How Long in Business? One clue to help assess the quality of a trucking school is how long it has been in business. A poorly ranked or a fly by night school usually will not stay in business very long, so longevity is a plus. Having said that, even the top Clinchfield GA schools had to start from their first day of training, so use it as one of several qualifiers. You can also ask what the school’s history is concerning successful licensing and job placement of its graduates. If a school won’t provide those numbers, search elsewhere. The schools should also have associations with regional and national trucking firms. Having a large number of contacts not only affirms a quality reputation within the trade, but also boosts their job placement program for graduates. It also wouldn’t hurt to check with the Georgia licensing department to verify that the CDL trucker schools you are reviewing are in good standing.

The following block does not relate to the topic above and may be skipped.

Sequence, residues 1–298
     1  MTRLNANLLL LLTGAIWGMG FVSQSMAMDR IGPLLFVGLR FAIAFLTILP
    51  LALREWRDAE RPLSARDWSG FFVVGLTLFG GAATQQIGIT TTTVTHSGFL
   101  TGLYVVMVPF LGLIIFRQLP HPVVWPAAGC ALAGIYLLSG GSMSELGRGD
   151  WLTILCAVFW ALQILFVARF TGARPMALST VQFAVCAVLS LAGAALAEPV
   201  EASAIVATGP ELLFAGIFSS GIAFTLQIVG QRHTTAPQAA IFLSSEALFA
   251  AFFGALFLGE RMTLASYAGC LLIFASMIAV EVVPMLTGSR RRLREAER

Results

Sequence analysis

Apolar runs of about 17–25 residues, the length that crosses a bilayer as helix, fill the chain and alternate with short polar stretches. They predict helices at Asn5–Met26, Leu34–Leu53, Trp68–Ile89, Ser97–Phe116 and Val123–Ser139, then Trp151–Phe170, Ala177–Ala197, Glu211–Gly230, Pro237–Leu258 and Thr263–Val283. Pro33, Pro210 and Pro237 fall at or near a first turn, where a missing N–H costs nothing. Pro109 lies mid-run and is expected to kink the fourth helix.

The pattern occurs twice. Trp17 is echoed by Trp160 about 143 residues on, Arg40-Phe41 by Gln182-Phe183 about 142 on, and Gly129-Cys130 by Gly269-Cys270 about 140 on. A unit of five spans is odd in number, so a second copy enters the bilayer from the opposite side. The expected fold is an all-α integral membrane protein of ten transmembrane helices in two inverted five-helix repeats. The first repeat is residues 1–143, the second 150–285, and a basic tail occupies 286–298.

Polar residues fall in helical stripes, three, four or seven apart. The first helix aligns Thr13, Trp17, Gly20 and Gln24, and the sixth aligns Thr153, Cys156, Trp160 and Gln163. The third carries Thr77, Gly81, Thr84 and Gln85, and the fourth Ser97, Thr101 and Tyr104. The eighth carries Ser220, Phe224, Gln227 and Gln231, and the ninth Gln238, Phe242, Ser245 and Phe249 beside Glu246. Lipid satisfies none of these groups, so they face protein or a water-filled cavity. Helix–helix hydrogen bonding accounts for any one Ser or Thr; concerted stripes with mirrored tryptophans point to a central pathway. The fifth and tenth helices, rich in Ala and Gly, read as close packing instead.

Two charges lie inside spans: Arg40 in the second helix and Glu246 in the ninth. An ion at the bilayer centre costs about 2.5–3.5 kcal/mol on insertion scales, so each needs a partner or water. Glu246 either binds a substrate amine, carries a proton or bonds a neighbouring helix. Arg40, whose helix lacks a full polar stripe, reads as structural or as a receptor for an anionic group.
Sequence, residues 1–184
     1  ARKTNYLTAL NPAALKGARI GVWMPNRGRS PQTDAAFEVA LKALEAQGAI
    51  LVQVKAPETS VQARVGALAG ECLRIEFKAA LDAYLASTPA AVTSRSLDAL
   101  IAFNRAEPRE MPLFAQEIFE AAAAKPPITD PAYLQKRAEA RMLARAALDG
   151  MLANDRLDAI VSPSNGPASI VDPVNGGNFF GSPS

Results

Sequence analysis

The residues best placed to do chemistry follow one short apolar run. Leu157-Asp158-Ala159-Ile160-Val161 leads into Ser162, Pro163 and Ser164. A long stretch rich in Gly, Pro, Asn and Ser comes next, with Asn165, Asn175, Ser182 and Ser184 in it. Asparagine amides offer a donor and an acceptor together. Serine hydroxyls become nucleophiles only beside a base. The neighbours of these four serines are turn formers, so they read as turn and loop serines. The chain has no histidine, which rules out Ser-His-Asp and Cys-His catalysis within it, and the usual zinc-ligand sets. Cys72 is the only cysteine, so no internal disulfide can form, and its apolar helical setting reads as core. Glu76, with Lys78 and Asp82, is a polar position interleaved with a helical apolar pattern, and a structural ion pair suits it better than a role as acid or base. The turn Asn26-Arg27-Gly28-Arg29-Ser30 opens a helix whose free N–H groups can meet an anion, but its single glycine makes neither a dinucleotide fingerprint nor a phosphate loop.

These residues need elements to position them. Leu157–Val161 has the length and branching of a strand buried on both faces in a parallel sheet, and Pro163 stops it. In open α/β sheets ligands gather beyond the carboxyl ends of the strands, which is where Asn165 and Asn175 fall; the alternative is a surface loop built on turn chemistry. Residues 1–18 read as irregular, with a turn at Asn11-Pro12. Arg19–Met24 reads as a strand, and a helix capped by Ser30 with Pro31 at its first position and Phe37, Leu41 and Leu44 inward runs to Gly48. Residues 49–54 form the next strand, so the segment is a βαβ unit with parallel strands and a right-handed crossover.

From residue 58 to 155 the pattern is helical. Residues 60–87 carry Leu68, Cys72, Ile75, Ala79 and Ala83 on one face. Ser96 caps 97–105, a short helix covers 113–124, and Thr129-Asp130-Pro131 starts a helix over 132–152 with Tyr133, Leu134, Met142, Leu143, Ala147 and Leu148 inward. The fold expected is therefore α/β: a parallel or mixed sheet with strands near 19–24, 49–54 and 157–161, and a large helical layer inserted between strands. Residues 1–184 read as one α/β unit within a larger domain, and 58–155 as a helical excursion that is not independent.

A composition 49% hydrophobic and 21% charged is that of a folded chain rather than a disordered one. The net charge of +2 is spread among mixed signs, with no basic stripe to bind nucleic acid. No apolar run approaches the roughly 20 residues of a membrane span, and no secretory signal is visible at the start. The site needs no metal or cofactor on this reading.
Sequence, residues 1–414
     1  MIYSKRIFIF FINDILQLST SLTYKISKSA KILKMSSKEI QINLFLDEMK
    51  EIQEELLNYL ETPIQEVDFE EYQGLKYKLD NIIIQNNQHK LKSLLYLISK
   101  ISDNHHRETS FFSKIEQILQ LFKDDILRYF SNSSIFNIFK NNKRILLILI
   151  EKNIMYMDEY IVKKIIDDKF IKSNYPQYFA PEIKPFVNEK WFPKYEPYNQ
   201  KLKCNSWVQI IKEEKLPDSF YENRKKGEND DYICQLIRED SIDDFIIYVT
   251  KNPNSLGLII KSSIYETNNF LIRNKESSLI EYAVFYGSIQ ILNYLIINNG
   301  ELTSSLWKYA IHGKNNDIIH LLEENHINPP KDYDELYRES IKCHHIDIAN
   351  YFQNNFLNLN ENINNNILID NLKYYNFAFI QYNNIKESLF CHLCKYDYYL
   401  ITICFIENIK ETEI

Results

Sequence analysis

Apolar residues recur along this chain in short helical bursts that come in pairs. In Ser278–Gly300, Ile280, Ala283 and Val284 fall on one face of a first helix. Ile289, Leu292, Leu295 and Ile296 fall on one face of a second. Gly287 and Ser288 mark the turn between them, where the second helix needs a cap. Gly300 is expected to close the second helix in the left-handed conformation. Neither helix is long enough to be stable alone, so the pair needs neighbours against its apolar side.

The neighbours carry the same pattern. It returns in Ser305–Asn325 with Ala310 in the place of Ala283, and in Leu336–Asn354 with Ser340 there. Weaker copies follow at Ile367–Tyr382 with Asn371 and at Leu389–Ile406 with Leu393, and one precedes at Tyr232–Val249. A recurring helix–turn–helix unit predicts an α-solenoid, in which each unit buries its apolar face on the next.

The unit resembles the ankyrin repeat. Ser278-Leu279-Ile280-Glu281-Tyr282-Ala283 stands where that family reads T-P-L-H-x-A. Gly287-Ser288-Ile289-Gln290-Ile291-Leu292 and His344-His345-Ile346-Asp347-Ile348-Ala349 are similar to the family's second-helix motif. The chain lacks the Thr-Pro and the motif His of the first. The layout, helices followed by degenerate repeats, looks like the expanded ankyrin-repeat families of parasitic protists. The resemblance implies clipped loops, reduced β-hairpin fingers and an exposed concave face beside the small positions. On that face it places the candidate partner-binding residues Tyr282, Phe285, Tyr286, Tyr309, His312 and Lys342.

How Effective is the Training? As a minimum requirement, the schools must be licensed in Georgia and hire instructors that are experienced and trained. We will cover more about the teachers in the next section. Also, the student to instructor proportion should not be higher than 4 to 1. If it’s any higher, then students will not be obtaining the personalized instruction they will need. This is especially true concerning the one-on-one instruction for behind the wheel training. And look out for any school that claims it can teach you to be a truck driver in a comparatively short time period. Training to be a truck driver and to drive a tractor trailer skillfully requires time. Most Clinchfield GA schools offer training courses that range from 3 weeks to as long as 2 months, depending on the license class or kind of vehicle.